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Chapter 31 - Developing Policies for Adult Sexual Minorities with Mental Health Needs in Secured Settings

from Part V - Criminal Justice and Social Considerations

Published online by Cambridge University Press:  19 October 2021

Katherine Warburton
University of California, Davis
Stephen M. Stahl
University of California, San Diego
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Lesbian, Gay, Bisexual, and Transgender (LGBT) people, are more likely to be disproportionally placed in a secured setting. Secured settings such jails, prisons, and forensic hospitals can be traumatizing, hostile, and dangerous – especially for those who are transgender, which is only compounded when responsive and appropriate policies, procedures and training are not in place to maintain safety, privacy, and dignity. All LGBT residents, and more importantly those suffering from mental illness, who are in secured environments should be free of discrimination, victimization, and abuse. They should have equal access to safe housing, vocational programs, rehabilitation services, as well as medical and mental health treatments. Many organizations such as National Center for Transgender Equality, National Institute of Corrections (NIC), the World Professional Association for Transgender Health (WPATH) and The Joint Commission (TJC) provide guidelines to ensure that LGBT residents are protected.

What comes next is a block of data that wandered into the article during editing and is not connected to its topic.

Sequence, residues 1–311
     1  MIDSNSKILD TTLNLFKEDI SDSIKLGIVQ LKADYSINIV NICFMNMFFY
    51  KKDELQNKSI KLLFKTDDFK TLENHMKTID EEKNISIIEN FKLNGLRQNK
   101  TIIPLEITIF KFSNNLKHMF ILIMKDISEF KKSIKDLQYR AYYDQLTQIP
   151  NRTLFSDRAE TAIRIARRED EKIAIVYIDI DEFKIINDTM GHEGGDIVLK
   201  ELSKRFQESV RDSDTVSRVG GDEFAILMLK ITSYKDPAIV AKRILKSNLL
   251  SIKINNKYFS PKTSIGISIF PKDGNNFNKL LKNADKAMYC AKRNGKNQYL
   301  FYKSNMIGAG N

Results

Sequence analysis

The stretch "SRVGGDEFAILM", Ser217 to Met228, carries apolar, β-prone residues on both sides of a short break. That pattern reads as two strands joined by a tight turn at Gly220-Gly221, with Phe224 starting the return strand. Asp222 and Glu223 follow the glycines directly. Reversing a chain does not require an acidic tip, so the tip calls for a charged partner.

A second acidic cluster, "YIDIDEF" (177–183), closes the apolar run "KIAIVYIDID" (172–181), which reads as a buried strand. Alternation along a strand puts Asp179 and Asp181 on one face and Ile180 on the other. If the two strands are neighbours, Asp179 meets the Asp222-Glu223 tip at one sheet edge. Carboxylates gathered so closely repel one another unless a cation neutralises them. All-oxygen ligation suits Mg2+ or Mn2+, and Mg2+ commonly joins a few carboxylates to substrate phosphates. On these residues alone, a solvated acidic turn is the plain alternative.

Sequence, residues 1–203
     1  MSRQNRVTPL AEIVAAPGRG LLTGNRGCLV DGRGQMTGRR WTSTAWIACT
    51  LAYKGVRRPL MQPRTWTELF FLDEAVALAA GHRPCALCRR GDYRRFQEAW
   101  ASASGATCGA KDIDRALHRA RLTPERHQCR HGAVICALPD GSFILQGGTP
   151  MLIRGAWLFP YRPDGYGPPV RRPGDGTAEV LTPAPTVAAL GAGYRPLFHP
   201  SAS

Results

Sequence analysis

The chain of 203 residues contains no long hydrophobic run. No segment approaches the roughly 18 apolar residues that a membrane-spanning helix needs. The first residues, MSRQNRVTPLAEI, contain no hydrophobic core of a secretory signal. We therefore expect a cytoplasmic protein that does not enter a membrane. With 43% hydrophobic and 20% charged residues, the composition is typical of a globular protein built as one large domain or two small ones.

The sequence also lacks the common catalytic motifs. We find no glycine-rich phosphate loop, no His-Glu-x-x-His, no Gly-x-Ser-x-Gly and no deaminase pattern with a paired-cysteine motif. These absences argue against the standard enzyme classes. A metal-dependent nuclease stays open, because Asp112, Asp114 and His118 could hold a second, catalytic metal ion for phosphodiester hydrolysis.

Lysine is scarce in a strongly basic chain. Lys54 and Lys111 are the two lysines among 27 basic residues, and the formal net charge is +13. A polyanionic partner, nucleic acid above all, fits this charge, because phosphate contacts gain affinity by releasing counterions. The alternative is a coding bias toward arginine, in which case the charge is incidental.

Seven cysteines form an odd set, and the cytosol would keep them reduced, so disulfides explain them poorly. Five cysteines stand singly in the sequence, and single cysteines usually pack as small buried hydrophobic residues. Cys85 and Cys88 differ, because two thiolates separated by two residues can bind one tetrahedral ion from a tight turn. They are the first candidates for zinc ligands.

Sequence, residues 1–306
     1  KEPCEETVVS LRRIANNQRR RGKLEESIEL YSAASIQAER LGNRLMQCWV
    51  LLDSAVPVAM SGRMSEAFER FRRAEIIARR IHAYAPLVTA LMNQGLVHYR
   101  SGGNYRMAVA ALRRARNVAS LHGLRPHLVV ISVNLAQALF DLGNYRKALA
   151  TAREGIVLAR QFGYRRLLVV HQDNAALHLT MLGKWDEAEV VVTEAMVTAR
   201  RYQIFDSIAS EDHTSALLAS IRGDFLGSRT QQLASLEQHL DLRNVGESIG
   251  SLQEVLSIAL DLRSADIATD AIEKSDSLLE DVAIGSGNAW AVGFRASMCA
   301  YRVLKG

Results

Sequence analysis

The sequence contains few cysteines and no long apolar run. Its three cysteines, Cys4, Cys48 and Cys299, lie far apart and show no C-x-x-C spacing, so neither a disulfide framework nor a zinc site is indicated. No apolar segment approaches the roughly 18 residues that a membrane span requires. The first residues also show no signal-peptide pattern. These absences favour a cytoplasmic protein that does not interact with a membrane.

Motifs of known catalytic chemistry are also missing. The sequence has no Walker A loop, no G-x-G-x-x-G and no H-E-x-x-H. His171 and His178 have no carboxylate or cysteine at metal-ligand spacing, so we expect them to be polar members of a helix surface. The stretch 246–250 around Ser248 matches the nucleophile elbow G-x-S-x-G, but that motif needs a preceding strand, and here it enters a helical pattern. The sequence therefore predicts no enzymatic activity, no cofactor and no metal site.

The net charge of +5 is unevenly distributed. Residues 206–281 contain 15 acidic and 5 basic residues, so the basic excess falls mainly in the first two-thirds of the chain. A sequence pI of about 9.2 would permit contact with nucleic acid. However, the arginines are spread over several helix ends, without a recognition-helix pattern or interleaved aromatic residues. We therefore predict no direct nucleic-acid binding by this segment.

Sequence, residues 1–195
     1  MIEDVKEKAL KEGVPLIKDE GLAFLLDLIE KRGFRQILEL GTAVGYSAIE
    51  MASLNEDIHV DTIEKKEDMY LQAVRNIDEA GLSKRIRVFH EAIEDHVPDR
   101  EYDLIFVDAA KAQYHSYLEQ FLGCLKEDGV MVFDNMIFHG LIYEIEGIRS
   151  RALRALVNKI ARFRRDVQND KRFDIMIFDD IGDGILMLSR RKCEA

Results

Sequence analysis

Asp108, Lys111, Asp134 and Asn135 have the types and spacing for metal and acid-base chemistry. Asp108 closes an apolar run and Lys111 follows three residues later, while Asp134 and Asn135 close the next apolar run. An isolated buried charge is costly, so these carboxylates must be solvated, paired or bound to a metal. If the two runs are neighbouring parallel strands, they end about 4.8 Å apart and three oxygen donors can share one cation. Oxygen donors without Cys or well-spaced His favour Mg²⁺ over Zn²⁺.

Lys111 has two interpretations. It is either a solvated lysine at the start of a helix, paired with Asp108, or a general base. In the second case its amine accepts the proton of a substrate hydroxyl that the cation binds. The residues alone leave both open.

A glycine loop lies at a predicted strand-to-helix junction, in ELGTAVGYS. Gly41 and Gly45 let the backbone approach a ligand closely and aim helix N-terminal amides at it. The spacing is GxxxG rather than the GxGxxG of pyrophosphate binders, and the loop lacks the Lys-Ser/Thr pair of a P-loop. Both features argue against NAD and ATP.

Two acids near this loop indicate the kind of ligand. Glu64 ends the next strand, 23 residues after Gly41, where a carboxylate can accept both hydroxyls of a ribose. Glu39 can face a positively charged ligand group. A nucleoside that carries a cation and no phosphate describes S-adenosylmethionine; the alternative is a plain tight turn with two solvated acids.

Publisher: Cambridge University Press
Print publication year: 2021

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